AnGayle (AJ) Vasiliou (Chemistry and Biochemistry) received a renewal of her project grant titled Thermal Composition of Biomass: Molecular Pathways for Sulfur Chemistry. The aim of this research is to elucidate the detailed chemical mechanisms and kinetics associated with the thermal decomposition of sulfur compounds found in biomass feedstock. The results of this work can be used to develop a sound strategy to suppress the formation of poisonous sulfur compounds during biomass decomposition, generating clean liquid fuels and ultimately lowering sulfur emissions. The grant provides funding for summer and academic-year effort for Prof. Vasiliou from June 2015-May 2016 and includes summer stipends for two undergraduate students.
Michael Durst (Physics) received a project grant titled High-Speed 3D Multiphoton Fluorescence Imaging with Temporal Focusing Microscopy. The proposed work aims to improve the speed of 3D multiphoton microscopy through temporal focusing, with the goal of reaching video-rate 3D imaging in biological tissue. The grant provides funding for summer and academic-year effort for Prof. Durst from June 2015-May 2016 and includes a summer stipend for one undergraduate student.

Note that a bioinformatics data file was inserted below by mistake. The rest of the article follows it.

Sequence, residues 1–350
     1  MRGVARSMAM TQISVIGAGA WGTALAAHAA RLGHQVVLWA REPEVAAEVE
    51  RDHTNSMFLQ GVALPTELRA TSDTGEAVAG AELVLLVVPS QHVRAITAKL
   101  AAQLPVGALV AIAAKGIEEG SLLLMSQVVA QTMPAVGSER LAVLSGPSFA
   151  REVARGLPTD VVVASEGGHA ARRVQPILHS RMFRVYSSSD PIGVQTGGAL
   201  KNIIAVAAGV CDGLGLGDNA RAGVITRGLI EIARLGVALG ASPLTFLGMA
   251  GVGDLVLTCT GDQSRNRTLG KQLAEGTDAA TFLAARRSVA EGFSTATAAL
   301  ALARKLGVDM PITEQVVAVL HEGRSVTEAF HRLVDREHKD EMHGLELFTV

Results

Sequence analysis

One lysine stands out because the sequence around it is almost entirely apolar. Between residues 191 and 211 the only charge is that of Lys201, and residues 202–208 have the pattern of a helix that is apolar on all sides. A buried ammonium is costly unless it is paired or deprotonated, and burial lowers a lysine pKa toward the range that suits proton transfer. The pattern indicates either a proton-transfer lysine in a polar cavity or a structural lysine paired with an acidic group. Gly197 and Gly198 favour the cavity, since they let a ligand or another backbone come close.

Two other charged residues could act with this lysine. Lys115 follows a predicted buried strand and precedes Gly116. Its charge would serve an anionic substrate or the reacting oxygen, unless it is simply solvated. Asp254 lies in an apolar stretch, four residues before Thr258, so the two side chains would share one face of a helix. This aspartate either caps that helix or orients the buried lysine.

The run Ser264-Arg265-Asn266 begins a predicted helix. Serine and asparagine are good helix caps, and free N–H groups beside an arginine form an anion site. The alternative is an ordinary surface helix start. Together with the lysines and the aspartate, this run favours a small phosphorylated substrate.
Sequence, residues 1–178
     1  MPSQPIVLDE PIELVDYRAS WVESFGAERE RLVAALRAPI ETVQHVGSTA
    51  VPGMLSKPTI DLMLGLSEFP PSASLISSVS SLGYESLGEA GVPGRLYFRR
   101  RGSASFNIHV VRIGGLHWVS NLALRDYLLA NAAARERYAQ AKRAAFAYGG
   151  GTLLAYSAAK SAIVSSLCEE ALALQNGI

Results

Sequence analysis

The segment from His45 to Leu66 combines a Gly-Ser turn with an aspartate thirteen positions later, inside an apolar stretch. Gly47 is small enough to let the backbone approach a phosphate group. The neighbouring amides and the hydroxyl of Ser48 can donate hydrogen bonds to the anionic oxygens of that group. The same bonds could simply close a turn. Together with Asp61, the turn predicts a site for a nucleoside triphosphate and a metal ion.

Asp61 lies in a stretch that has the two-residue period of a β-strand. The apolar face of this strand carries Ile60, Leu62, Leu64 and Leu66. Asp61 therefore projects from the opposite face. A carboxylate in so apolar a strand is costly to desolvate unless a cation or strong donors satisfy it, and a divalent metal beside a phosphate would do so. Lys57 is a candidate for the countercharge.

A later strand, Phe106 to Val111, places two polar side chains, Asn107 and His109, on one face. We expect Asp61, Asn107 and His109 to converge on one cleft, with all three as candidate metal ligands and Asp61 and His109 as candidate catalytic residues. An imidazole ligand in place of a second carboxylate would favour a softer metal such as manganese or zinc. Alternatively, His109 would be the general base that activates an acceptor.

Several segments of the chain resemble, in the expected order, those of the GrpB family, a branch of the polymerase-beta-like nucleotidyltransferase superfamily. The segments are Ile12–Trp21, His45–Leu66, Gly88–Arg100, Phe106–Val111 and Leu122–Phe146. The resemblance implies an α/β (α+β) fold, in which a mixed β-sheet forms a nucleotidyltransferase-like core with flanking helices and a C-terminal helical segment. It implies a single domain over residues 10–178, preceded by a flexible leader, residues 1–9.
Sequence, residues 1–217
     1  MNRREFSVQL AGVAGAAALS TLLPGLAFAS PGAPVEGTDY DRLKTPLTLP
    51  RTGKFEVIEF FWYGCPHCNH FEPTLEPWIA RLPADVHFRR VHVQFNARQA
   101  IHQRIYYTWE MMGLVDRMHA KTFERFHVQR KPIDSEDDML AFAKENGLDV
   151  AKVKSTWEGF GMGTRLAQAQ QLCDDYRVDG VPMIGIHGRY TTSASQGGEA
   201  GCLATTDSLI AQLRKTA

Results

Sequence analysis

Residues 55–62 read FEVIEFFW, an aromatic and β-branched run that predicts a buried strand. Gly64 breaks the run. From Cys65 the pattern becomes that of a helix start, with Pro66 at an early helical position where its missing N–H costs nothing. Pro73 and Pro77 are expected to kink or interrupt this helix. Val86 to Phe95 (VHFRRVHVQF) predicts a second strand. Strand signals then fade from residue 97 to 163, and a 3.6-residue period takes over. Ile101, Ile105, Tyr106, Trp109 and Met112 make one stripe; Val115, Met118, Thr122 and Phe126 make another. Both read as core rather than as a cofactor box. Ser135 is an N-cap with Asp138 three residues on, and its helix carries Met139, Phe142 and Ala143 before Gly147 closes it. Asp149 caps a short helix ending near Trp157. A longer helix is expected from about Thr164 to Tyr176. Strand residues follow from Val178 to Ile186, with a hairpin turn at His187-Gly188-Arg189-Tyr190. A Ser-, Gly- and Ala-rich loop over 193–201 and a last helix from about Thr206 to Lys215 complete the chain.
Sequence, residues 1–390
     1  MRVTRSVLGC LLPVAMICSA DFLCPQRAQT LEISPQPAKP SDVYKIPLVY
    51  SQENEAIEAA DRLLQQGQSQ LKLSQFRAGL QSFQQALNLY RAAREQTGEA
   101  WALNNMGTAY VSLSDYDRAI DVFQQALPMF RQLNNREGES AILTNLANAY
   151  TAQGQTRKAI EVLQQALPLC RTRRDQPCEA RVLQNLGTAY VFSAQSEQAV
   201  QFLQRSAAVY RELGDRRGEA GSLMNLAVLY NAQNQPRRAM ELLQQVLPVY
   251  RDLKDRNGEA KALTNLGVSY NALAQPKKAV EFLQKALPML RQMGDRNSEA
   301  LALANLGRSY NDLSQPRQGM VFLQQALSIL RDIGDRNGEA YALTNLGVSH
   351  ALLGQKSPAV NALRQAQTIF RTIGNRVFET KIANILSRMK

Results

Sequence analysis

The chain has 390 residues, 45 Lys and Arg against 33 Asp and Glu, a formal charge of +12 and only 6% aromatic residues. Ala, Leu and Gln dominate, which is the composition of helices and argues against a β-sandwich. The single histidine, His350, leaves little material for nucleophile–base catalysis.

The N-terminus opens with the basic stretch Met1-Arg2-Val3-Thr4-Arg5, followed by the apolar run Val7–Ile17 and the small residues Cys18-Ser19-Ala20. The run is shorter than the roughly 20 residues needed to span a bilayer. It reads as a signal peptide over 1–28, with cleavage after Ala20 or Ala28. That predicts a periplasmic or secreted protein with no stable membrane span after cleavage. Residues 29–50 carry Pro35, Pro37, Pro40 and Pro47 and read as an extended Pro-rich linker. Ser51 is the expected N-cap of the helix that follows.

Peggy Nelson (Sociology-Anthropology) and a colleague from Wellesley have been awarded a month-long residency at the Brocher Foundation in Hermance, Switzerland to work on their collaborative research next July. Their project, titled Social and Biogenetic Factors in the Making of New Families, is funded by National Science Foundation and fits well with the Brocher Foundation’s mission to host researchers who dedicate their work to ethical, legal, and social aspects of medical development and public health policies. They will use their time together to write a paper comparing the response to new medical technologies of clients who received fertility treatment in the United States with that of residents of various European Union countries who received fertility treatment in Spain.